2) The LPC must also stop believing that you must have a federal state which goes in areas of provincial jurisdiction. A liberal federalism (with a complete decentralization of powers in health or natural resources, for example) would be a much more liberal solution so that the canadian provinces could manage their own affairs themselves as mentionned in the constitution. It also includes more tax leverage powers for provinces, but this means that each provincial government will have to learn to live within their means.
3) The Liberal Party of Canada must be the party which protects individual freedoms.This means among other things that the party will have to stop believing in the concept of nanny-state who goes against the concept of individual choices. This also means that the party must also give the choice to the provinces if they want to liberalize drug use and prostitution if they wish. A pan-Canadian (or « one size fits all » approach) does not work in this context especially for a state as large as Canada.
But again, with individual freedoms comes personal responsibility too. It is necessary that individual initiative must be central to the lives of all people living in Canada. This goes equally to Aboriginal people who needs to have real property rights and become real citizens on their territory as with the fact that the Canadian who owns a property must also owns what beneath it.
4) The LPC must also proposes a reform to make the federal tax code easier and this to make it more sustainable for the future. This means that among other, that the vast majority of deductions and tax credits must be eliminated, while making the tax bracket as simple as possible to apply even if it means a lower marginal rate but with no deductions or tax credits.
5) The LPC must also provides fiscal sustainability for future generations. In other words the Canadian federal state must learn to live within their own means. This includes that some federal ministries must be abolished because they are duplicated in a provincial matter and this that sacrifices would have to be done in the next years like sacrifices that any family will do when the financial situation is more difficult.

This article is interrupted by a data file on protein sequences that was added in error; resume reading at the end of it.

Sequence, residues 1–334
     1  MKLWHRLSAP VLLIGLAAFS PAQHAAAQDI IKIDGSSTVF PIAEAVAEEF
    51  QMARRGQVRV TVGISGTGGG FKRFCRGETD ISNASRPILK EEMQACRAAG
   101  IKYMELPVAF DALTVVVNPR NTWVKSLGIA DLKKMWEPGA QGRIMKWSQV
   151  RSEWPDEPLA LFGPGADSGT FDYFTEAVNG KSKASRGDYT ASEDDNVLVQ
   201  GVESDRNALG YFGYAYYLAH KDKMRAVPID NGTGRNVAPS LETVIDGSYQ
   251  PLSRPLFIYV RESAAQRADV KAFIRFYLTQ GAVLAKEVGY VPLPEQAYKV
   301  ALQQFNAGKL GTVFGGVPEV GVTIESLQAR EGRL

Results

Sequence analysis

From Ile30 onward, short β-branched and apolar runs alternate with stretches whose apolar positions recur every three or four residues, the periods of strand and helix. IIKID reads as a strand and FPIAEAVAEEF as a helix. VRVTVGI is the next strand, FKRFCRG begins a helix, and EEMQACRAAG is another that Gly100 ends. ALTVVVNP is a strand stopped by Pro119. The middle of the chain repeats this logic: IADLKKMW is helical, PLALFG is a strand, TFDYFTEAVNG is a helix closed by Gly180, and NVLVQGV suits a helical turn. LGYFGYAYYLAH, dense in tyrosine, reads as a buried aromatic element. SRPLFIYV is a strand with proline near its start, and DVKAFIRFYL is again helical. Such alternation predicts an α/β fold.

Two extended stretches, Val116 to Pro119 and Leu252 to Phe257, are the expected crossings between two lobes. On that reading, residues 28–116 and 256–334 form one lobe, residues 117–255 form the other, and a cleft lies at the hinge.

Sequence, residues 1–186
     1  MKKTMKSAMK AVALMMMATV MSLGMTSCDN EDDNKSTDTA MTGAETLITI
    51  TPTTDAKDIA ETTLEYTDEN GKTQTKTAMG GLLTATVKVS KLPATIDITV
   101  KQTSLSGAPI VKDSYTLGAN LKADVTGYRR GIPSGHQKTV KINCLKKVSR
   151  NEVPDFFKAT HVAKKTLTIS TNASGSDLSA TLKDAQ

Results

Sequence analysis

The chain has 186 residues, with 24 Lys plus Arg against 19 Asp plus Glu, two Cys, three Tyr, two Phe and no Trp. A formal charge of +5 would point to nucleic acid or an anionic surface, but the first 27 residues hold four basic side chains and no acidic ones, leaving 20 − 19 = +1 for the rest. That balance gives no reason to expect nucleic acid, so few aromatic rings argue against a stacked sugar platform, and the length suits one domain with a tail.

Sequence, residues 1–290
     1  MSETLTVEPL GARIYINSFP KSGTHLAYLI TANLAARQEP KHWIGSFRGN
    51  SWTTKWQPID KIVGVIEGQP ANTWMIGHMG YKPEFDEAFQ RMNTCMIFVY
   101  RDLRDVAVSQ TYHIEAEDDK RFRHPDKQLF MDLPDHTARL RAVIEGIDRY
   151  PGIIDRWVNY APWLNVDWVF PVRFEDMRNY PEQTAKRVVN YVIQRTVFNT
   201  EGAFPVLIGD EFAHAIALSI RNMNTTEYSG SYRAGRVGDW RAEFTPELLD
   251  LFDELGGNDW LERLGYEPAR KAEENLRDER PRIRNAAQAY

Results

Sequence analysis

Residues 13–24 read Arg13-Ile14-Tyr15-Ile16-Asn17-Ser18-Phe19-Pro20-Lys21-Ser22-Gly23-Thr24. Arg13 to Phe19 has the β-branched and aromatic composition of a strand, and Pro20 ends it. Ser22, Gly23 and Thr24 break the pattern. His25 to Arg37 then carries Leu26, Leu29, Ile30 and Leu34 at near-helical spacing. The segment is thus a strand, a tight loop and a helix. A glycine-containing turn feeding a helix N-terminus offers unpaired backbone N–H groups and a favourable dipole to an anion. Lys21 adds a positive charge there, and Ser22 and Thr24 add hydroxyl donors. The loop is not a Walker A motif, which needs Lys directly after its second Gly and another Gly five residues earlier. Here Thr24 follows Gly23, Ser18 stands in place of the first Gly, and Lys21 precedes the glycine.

Also, this element requires that certain members of the LPC must stop to consider free trade as an enemy, and to consider that it is much more sustainable to minimize all forms of protectionism, be it with tariffs, taxes or other barriers as a protectionist policy based on coercion cause far more harm than good for the average Canadian.
If the LPC shows a real effort to apply these principles, I believe that the PLC can really consider himself a liberal part. A party that will seek opportunities to those who believe in individual freedom and personal responsibility, while having a federal state that promotes smart federalism and not some sort of knows-best centralism.
From what I see, state multiculturalism is so utopic as a public policy that many new Canadians find that I talk to find this policy just weird. What they want is a government that understands the opportunities of new Canadians who comes to Canada to work hard and this while making many sacrifices to have a successful life, while respecting the fact that they could live their own destiny for them and their family without being harassed by an interventionist state who is telling them what to do with their own life.
Also, being a liberal is understanding that a very important thing is that a person who works hard should enjoys the prosperity that his hard work brings to himself, his family and all of society. It’s not by having a state who is thinking that a prosperous person is a simple lemon to squeeze for more money. Again, being prosperous don’t always means that the person is rich because you could be prosperous with an average salary if someone is living within their means.
So, in conclusion, the LPC should return to the ideas of Laurier. This also means that the Liberal Party of Canada should leave socialism to the NDP to return to coherent liberalism and smart federalism. The LPC went downhill the day when it wanted to become a clone of the NDP, so in 2011, many Canadians have decided to switch from the clone to the real thing.